Wow, that sounds portentous, doesn't it? But I mean it quite literally. I have a very different life--ok, a sort of different life--than I had before I was teaching children's literature. One big difference is that these days I occasionally--even, often--write about living authors. One of the big perks, frankly, of being a Victorianist is that the authors are all dead. I mean this in the nicest possible way. They died many years ago, most of them of natural causes, having already written many wonderful (and sometimes not-so-wonderful) books, and I don't have to feel bad about anything I say about them because they don't know I've said it. (Or if they do, I think I'm safe in assuming they don't care.)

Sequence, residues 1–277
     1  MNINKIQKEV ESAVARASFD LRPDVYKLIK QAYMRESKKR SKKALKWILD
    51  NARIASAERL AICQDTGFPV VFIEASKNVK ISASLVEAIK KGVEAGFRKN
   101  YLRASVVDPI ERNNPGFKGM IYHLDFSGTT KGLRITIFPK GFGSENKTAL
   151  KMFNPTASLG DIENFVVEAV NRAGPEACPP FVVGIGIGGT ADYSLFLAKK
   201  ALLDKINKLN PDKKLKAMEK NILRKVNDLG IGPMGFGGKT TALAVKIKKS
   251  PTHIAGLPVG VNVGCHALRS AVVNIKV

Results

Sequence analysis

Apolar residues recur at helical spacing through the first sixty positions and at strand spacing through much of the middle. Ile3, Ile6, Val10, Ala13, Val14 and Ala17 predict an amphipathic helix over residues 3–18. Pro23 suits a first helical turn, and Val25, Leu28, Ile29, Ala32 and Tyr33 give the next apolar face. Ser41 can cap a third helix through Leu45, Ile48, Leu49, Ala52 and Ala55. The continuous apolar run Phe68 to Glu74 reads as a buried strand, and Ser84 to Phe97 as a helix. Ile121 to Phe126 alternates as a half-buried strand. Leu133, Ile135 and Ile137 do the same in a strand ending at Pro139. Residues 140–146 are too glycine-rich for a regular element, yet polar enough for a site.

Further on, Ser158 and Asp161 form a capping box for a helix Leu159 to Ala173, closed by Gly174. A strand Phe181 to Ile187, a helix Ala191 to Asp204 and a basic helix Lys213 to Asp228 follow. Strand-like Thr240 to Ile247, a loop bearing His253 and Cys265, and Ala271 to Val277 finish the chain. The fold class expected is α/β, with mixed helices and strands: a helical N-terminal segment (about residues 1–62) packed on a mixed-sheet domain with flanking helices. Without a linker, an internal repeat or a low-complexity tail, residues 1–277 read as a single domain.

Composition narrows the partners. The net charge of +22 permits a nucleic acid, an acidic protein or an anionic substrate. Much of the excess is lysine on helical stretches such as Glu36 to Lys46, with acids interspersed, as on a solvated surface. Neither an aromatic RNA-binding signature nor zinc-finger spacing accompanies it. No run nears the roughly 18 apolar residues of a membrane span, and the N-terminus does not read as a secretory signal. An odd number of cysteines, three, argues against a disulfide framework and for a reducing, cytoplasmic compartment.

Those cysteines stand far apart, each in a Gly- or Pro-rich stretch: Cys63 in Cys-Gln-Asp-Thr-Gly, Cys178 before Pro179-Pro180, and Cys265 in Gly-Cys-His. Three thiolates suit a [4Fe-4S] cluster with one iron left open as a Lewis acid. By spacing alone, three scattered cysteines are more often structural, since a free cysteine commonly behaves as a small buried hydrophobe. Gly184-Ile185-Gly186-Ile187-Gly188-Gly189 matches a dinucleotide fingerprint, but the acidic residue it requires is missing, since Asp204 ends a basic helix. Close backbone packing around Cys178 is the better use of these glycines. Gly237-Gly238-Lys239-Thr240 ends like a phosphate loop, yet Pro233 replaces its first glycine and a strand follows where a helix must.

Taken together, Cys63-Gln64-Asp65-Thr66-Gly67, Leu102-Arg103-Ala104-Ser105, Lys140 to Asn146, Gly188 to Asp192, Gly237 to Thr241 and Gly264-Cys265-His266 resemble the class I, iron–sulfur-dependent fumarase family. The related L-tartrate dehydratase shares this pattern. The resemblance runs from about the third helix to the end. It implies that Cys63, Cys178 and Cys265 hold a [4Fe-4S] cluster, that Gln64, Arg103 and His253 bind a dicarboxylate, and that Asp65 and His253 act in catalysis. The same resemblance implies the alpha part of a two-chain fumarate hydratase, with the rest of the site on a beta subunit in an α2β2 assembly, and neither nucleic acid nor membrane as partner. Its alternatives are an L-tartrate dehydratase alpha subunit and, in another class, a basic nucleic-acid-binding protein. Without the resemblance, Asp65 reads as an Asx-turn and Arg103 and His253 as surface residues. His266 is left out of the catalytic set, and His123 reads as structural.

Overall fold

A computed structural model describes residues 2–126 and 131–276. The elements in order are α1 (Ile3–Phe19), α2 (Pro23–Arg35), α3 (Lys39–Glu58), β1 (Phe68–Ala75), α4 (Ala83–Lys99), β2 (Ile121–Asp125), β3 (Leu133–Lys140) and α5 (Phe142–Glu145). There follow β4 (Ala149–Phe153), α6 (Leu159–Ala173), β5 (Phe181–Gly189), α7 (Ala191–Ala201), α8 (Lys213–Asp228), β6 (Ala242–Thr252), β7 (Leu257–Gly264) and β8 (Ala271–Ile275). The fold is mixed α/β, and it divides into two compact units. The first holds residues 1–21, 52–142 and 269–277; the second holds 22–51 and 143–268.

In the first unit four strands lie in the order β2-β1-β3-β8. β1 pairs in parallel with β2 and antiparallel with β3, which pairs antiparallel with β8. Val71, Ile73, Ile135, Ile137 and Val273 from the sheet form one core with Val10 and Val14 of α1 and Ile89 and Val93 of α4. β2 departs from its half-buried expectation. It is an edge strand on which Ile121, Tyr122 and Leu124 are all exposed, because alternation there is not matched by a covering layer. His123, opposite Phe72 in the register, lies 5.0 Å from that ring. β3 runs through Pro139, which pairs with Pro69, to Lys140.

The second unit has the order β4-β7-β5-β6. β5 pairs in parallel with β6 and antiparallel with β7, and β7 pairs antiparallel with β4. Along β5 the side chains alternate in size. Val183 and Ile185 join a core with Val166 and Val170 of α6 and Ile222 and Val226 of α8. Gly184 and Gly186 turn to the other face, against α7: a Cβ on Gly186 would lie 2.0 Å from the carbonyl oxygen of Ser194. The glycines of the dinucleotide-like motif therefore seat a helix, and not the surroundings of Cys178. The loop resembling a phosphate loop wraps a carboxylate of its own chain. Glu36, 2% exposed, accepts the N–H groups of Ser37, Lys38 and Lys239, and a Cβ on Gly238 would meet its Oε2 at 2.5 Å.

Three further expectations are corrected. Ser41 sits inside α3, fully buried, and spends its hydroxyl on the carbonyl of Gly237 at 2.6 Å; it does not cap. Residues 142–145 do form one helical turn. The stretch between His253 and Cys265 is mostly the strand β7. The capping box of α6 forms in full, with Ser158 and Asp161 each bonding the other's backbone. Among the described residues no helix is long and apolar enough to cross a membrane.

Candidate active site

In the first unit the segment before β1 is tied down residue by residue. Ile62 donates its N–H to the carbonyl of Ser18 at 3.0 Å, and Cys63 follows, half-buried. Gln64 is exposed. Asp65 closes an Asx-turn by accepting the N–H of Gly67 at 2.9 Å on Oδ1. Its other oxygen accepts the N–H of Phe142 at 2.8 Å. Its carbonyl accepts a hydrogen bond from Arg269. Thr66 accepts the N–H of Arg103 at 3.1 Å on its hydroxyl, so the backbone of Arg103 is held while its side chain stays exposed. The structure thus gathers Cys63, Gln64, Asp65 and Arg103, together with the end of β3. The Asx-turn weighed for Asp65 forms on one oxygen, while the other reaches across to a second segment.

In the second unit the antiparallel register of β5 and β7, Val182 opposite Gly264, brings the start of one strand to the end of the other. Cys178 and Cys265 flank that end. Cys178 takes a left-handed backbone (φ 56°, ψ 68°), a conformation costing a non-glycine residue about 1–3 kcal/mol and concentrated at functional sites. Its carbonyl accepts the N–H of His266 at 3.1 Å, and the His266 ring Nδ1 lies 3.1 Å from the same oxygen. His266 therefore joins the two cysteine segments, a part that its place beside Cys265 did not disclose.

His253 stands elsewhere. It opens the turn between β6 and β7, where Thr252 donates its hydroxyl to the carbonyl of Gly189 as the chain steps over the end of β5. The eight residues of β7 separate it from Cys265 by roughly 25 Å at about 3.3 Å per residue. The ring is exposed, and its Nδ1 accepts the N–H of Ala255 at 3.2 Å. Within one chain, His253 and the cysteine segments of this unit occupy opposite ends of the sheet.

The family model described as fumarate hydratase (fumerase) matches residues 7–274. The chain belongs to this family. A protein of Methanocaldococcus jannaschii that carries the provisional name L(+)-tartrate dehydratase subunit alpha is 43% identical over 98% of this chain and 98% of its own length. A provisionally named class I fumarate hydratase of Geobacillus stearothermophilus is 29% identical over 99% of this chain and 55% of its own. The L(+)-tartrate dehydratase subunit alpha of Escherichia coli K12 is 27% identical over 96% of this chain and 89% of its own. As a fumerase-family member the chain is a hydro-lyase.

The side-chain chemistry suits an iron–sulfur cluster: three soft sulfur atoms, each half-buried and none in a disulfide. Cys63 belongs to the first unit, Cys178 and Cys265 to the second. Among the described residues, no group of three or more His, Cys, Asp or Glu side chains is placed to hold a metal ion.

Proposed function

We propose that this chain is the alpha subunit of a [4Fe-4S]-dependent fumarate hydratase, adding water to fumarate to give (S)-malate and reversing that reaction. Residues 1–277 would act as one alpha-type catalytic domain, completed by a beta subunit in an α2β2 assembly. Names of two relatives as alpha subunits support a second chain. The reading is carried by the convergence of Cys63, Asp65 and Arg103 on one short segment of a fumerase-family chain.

When you write about living authors, however, you can't just irresponsibly say whatever you want. (Not that I ever did that, of course...) You feel responsible. You can even occasionally wonder what they think. And, sometimes, you can even find out. Now, so far, this has actually been all good. I still have the message on my voicemail that John Green left me after he read my review of Paper Towns. (Yes, I'm a nerd that way. Or maybe a nerdfighter.) (He liked it. That's why I kept the message.) And the other day Neil Gaiman linked to my column on Coraline (scroll down), and said he liked it, and that made my day.
So actually of course I'm really glad to be writing about living authors. It's exciting and unpredictable. And it makes me feel like part of a community.
I'm giving a talk about Stephenie Meyer this weekend. Do you think she cares?
Musings on children's and YA literature, the academy, and the relationship between them, from an English professor and mother.